First locate the candle. You can find this by looking for the gap in the growth of the needles. The gap occurs due to winter dormancy. The growth from Spring to Summer is the candle. Locate the base of the candle. This will be the point where you will cut the candle.
Note: A single candle can produce multiple shoots. You may find that the base has more than one growth. This is still considered one candle. However, you will want to cut all the shoots off at the base.
With your shear, push back slightly on the bottom needles to cut as far into the base of the candle as possible. Make a clean horizontal cut across the branch. Avoid angular cuts.
Once the candle is cut, discard it. Unfortunately they cannot be used for cuttings.
Using your fingers, remove old needles underneath the cut. Take care to save around 8 pairs of needles. The new buds will develop between the needles.
If all the needles are removed, you will not get new buds to grow. Take care to not disturb the needles closest to the cut.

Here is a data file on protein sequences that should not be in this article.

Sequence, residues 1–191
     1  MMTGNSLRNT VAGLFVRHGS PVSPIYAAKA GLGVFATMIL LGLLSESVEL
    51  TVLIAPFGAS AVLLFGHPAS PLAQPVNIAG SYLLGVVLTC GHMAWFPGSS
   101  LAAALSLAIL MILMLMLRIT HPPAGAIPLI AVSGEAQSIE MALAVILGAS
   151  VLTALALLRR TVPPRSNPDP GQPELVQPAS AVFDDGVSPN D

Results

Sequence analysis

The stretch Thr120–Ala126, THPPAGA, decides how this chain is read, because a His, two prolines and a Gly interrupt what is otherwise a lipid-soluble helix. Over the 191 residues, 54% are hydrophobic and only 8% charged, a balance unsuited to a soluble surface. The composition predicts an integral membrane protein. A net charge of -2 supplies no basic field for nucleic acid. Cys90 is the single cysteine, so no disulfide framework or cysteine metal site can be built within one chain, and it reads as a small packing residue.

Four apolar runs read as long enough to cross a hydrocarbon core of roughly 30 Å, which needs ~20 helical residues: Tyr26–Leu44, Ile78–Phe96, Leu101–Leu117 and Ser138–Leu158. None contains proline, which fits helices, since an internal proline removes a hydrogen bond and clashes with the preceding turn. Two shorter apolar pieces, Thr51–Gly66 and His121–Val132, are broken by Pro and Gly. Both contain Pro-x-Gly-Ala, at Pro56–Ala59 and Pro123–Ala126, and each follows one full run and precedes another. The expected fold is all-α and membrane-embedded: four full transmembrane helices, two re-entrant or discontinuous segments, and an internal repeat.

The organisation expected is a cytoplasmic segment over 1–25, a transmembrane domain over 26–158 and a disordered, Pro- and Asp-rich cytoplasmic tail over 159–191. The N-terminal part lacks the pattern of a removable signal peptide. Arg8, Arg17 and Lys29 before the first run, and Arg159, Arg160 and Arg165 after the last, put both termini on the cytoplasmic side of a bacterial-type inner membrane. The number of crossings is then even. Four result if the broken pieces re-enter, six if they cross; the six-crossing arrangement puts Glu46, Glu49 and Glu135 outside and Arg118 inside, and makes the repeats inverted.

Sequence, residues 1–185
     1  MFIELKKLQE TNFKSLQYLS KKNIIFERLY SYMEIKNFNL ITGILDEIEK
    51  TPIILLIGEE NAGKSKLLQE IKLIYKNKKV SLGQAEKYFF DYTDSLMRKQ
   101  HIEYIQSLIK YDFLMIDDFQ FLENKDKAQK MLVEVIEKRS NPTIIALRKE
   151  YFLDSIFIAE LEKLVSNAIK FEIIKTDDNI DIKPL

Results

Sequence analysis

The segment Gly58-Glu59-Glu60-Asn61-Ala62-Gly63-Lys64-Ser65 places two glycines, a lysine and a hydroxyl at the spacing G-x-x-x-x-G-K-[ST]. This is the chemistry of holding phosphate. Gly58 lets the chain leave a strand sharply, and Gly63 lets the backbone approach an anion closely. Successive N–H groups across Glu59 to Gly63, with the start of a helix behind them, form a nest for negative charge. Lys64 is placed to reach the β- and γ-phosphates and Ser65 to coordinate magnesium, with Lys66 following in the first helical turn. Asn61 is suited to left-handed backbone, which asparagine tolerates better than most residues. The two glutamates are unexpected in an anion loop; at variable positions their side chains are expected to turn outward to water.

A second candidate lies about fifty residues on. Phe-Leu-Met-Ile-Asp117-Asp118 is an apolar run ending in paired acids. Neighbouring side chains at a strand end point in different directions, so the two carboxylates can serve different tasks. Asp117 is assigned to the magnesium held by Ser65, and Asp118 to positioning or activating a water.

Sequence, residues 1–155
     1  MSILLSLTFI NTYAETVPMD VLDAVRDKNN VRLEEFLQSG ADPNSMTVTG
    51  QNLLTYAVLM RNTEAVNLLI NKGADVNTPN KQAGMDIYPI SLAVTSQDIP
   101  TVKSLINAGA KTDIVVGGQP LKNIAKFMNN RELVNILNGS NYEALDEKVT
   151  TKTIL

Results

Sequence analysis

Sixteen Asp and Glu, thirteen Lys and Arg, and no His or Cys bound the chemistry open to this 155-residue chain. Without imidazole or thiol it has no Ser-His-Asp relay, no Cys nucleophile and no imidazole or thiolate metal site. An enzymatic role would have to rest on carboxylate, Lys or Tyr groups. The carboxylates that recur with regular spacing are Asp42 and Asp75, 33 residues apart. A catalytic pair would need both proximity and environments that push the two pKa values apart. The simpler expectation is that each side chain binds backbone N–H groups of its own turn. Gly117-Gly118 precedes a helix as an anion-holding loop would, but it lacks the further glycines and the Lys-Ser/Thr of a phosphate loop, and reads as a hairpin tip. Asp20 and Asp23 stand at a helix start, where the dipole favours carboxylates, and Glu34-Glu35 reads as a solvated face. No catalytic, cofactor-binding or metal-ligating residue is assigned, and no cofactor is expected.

With your fingers, pinch the base of the needle and pull away from the branch. Discard old needles.
The finished cut candle will have a fresh cut and about 6-8 pairs of needles surround the cut. Sap will immediately begin to push at the cut. In about 7-10 days, if your tree is healthy and the cut was made at the correct place, you will begin to see small buds emerge from between the needles.
Repeat the process for the entire tree. If you have an old tree, we recommend cutting candles in stages to balance the tree. Cut candles on the lower portion, wait 10 days, then the middle portion, wait another 10 days, and finish the top. This will ensure that all the energy is not directly to the apex only and risk losing the bottom branches.
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